• 01:790:355 Women and Public Policy
  • 01:790:358 Globalization, Democracy and Contemporary Capitalism
  • 01:790:363 Conflict Resolution and World Politics
  • 01:790:386 Political Change in China


Both of these Introductory courses:

  • 01:220:102 Introduction to Microeconomics
  • 01:220:103 Introduction to Macroeconomics

Both of these Intermediate courses:

  • 01:220:320 Intermediate Microeconomics (requires as prerequisite Calculus I, 640:135 or 640:151)
  • 01:220:322 Econometrics (requires as prerequisite Calculus I, 640:135 or 640:151)

Two of these Special Topics courses (note that all 400 level courses below require 320 and 322 as prerequisites):

  • 01:220:321 Intermediate Macroeconomics (requires as prerequisite Calculus I, 640:135 or 640:151)
  • 01:220:331 Economics of Crime
  • 01:220:390 Choice and Strategy in Politics
  • 01:220:402 Labor Economics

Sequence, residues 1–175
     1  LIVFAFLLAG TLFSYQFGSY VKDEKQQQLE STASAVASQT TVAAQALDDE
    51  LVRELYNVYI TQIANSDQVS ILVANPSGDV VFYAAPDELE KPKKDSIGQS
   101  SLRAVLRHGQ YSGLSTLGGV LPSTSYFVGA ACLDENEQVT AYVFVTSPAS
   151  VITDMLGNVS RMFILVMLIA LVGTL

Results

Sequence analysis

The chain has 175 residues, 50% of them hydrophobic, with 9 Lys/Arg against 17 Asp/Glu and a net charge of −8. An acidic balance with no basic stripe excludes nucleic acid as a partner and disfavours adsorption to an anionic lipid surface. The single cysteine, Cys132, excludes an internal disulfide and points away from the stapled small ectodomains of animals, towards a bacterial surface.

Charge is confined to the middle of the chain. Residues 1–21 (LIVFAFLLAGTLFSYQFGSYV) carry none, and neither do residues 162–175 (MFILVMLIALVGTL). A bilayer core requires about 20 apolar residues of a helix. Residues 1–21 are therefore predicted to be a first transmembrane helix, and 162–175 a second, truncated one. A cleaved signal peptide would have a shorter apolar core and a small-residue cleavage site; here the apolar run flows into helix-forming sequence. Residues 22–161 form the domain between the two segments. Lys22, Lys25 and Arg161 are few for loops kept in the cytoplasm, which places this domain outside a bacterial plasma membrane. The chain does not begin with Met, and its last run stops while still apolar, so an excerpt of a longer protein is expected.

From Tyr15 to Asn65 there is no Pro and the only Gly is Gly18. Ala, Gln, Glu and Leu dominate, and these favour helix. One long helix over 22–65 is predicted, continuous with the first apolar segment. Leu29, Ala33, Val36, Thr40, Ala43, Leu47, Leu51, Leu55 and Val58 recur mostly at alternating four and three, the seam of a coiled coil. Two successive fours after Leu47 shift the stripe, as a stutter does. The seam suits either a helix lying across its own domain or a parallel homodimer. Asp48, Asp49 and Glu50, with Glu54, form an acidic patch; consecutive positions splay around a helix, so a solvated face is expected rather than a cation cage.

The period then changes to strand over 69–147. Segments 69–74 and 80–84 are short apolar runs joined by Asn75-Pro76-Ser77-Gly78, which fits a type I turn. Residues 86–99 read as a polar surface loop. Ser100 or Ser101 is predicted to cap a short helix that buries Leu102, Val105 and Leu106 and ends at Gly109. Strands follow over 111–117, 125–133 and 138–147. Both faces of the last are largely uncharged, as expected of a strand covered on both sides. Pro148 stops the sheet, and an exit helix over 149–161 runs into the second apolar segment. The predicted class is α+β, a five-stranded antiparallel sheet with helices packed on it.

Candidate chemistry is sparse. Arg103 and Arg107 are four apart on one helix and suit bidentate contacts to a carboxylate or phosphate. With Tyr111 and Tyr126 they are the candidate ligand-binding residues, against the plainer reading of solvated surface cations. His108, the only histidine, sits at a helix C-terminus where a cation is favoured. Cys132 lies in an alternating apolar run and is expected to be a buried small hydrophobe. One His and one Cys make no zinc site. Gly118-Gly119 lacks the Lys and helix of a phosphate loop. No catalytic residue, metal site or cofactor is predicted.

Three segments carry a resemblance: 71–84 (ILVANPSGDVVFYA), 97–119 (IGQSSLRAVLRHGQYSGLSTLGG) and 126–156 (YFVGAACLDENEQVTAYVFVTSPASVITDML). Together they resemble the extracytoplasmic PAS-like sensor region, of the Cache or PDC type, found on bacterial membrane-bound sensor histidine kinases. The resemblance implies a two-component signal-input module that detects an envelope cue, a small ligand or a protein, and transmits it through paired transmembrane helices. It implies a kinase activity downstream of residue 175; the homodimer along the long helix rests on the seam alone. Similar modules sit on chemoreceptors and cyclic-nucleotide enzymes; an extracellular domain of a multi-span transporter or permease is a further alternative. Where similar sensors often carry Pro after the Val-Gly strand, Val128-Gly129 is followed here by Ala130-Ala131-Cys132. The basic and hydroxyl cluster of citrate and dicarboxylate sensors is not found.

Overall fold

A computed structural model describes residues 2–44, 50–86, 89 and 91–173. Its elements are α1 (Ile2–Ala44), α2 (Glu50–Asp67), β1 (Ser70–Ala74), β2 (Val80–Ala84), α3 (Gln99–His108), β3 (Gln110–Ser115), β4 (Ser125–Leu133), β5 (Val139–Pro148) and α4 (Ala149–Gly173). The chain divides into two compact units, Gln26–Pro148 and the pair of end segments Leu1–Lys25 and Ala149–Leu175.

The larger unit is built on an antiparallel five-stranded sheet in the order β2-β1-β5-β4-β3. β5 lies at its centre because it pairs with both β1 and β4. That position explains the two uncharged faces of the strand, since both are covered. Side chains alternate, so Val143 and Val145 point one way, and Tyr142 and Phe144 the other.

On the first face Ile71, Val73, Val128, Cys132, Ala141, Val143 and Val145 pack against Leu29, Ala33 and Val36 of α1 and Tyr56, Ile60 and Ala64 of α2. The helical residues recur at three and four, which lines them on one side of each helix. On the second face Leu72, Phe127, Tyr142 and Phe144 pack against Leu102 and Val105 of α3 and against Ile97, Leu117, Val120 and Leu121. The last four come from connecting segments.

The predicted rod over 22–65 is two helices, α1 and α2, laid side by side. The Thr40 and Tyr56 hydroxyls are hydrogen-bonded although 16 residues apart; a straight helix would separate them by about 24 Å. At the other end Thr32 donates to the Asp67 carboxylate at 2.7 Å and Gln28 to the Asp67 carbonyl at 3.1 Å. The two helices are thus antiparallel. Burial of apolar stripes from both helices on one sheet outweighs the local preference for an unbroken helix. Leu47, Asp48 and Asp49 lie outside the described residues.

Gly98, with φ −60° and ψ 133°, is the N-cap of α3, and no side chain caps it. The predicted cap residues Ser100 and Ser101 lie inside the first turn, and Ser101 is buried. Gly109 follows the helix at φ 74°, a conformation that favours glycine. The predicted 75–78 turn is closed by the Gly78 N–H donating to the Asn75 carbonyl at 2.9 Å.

• 01:220:417 Health Economics
  • 01:220:432 Environmental Economics
  • 01:220:440 Economics and Income Inequality and Discrimination
  • 01:220:460 Public Economics 
  • 01:220:463 Economics of Taxation
  • 01:220:482 Game Theory and Economics 

The Certificate in Quantitative Political Science Methods is a program designed to lead to an understanding
of how social scientists pose research questions, design tests of hypotheses, and analyze quantifiable
information. These are valuable skills for the workforce and graduate school, as well as for all informed
citizens. A basic understanding of how social science research is conducted can help citizens evaluate the
information they read about in the newspaper or hear about on television. Students completing the program
will have put their methodological skills to use in their own in-class research projects, as part of their
required Political Science Seminar 790:395.

  • This program is open only to declared Political Science majors, and will be awarded only in conjunction with or subsequent to the awarding of a BA in Political Science.